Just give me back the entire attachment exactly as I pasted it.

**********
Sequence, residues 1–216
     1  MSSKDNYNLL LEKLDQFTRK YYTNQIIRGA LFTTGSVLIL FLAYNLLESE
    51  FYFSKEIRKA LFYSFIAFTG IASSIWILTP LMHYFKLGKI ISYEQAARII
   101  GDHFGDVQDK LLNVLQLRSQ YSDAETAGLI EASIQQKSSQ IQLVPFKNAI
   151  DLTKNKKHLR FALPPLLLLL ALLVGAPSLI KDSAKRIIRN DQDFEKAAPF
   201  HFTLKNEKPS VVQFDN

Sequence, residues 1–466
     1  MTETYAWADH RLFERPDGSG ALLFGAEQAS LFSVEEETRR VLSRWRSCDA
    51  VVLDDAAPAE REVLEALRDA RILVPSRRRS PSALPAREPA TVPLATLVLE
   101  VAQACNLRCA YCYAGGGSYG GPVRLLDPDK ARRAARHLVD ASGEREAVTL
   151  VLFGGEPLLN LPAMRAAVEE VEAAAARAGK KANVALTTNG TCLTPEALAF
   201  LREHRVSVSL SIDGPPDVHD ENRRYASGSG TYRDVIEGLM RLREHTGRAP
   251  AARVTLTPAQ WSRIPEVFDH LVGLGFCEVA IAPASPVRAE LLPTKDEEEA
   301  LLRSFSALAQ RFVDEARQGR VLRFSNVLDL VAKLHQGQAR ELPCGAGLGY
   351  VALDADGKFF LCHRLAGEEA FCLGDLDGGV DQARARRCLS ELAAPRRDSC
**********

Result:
Sequence, residues 1–216
     1  MSSKDNYNLL LEKLDQFTRK YYTNQIIRGA LFTTGSVLIL FLAYNLLESE
    51  FYFSKEIRKA LFYSFIAFTG IASSIWILTP LMHYFKLGKI ISYEQAARII
   101  GDHFGDVQDK LLNVLQLRSQ YSDAETAGLI EASIQQKSSQ IQLVPFKNAI
   151  DLTKNKKHLR FALPPLLLLL ALLVGAPSLI KDSAKRIIRN DQDFEKAAPF
   201  HFTLKNEKPS VVQFDN

Sequence, residues 1–466
     1  MTETYAWADH RLFERPDGSG ALLFGAEQAS LFSVEEETRR VLSRWRSCDA
    51  VVLDDAAPAE REVLEALRDA RILVPSRRRS PSALPAREPA TVPLATLVLE
   101  VAQACNLRCA YCYAGGGSYG GPVRLLDPDK ARRAARHLVD ASGEREAVTL
   151  VLFGGEPLLN LPAMRAAVEE VEAAAARAGK KANVALTTNG TCLTPEALAF
   201  LREHRVSVSL SIDGPPDVHD ENRRYASGSG TYRDVIEGLM RLREHTGRAP
   251  AARVTLTPAQ WSRIPEVFDH LVGLGFCEVA IAPASPVRAE LLPTKDEEEA
   301  LLRSFSALAQ RFVDEARQGR VLRFSNVLDL VAKLHQGQAR ELPCGAGLGY
   351  VALDADGKFF LCHRLAGEEA FCLGDLDGGV DQARARRCLS ELAAPRRDSC